The Morning News Tourney of Books is up and running. The commentary after The Fault in Our Stars win is particularly worth your time. I thought this, especially, was extremely well put from Kevin Guilfoile: "You and I were socialized to believe we were too cool to do almost anything. Our generation has been paralyzed by slacker inertia. Our hero is David Letterman, whose job it is to have the greatest gig in the world and act constantly like he doesn’t want it. That has always been the Platonic ideal of success for you and me and our peers. Maybe that’s why John Green’s books make me cry. Because he reminds you that you don’t have to be like that." I think I spent my 20s unlearning this attitude. Enthusiasm and action? Trump cool every time. (Or, rather, are the beating heart of actual coolness. Even better? Stop caring about coolness at all.)
Jane Hu on Gilmore Girls for the Awl. I love (and agree with) this whole piece SO much. Snippet: "In another way, cultural studies appears in exact keeping with "Gilmore Girls," as it tests the line between serious art and entertainment, the avant-garde and the popular. As a writer and a reader, my fantasy is to work in a world where the Harlequin romance, a NYBR classics release, and so-called academic prose all deserve re-readings—because they can all be read seriously, each one being worth serious attention." Yesss.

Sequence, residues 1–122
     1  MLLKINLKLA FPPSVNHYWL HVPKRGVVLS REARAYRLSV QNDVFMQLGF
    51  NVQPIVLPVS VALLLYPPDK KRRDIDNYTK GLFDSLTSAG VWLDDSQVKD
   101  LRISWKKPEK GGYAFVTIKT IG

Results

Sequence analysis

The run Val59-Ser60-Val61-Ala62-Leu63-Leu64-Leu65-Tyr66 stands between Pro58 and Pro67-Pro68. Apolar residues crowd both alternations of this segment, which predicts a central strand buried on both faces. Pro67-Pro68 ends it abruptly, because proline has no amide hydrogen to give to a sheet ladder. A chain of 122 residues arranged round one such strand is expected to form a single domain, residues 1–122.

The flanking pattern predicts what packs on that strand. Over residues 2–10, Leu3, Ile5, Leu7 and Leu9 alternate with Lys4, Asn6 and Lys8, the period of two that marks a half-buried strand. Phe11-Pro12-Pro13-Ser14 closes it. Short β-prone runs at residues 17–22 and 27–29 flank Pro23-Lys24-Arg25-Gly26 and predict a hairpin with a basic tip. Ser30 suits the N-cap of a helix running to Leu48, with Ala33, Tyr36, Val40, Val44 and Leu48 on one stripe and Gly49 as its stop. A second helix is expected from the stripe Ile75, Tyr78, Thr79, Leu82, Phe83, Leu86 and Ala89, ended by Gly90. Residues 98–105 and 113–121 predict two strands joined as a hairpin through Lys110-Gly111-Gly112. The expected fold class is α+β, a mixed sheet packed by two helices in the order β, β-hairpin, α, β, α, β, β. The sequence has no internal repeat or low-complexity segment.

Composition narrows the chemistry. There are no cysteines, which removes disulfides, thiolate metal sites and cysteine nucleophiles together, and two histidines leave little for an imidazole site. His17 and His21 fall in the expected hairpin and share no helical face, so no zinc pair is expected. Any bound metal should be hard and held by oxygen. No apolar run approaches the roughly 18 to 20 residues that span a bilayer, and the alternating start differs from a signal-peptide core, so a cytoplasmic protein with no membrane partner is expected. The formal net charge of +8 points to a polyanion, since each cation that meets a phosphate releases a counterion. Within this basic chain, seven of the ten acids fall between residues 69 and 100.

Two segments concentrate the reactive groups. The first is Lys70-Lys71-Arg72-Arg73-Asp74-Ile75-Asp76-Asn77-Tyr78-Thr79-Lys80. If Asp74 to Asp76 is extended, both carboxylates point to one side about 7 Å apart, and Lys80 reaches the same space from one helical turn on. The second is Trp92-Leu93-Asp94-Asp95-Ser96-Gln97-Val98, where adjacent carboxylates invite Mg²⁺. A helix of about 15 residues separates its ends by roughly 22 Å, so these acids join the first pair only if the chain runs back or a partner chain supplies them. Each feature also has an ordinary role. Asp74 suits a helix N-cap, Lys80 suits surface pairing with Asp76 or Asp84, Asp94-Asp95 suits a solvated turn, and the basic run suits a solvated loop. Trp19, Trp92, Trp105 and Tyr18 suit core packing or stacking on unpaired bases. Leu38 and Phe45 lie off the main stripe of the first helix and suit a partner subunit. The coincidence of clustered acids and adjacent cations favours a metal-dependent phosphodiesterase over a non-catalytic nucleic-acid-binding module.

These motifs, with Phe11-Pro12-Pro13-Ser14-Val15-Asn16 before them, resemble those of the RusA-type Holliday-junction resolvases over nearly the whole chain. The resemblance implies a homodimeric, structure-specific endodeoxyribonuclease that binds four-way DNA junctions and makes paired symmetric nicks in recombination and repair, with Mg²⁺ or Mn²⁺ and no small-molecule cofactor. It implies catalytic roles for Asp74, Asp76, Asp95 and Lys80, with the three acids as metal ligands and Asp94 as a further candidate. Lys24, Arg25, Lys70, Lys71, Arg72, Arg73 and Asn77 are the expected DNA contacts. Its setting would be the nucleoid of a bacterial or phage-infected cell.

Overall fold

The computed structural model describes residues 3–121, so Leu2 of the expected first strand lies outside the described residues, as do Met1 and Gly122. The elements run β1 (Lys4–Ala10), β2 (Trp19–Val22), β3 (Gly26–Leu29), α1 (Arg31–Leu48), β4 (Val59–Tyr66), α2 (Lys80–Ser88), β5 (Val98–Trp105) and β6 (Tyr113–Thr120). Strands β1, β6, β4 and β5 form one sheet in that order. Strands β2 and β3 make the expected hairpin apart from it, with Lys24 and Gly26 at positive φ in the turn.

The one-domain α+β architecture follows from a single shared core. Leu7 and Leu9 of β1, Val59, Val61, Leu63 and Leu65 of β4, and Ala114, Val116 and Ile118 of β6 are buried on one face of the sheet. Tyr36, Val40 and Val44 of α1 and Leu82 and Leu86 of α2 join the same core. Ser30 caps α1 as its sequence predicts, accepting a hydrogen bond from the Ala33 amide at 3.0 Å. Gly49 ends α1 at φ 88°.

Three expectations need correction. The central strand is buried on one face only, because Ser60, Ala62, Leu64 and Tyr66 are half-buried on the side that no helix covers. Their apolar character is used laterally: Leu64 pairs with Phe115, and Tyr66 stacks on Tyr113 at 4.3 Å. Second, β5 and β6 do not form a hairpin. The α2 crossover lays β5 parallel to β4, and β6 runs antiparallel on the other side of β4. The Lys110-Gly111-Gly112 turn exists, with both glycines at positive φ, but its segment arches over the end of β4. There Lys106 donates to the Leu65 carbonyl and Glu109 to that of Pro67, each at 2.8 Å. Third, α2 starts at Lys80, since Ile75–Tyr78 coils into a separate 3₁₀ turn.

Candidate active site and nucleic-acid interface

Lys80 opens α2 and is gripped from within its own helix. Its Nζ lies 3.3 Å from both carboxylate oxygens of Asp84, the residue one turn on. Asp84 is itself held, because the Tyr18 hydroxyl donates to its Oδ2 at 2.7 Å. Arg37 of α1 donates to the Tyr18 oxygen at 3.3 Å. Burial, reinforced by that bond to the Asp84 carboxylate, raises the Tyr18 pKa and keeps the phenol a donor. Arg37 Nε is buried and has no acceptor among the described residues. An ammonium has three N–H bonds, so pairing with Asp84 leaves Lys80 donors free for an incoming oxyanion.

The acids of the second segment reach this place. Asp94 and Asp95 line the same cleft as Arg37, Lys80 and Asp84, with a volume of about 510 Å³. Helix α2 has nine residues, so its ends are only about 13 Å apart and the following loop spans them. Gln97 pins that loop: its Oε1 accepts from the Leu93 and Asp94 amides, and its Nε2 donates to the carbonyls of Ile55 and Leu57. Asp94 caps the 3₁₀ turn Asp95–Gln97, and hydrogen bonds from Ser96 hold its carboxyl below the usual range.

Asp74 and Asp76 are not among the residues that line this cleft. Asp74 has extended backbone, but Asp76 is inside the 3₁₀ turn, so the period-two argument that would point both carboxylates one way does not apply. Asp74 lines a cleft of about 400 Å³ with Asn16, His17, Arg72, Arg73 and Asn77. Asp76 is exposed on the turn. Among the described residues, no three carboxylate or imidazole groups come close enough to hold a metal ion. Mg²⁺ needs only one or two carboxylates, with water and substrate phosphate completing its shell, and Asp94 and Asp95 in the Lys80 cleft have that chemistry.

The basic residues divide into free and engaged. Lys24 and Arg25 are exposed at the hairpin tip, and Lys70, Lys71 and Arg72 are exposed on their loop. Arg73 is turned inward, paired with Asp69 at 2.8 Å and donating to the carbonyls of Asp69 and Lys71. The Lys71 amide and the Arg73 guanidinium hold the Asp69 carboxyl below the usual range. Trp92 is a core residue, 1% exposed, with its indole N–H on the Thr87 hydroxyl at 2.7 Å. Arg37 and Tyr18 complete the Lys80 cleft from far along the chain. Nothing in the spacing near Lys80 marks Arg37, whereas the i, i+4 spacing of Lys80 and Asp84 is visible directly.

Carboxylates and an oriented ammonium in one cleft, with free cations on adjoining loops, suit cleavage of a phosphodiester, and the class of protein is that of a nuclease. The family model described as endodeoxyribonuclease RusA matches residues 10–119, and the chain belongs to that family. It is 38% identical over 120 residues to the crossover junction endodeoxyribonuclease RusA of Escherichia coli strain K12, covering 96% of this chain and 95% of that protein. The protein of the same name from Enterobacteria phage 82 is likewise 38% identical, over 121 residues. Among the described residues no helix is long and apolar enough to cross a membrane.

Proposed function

Linda Holmes on romantic comedies at NPR. Another great piece: "What's most profoundly wrong is the terrible, mean-spirited scripts that are getting made, that are making people feel justified in using "rom-com" as an eye-rolling insult, and we've got to stop that first. Stop saying "chick flick" like it's "pile of rotten meat," and stop saying "chick lit" and "chick book" and "chick movie" and anything else that suggests that love stories are less than war stories, or that stories that end with kissing are inherently inferior to stories that end with people getting shot. Or, if you believe they are and you want to continue believing that they are, stop pretending you're open to romantic comedies getting better."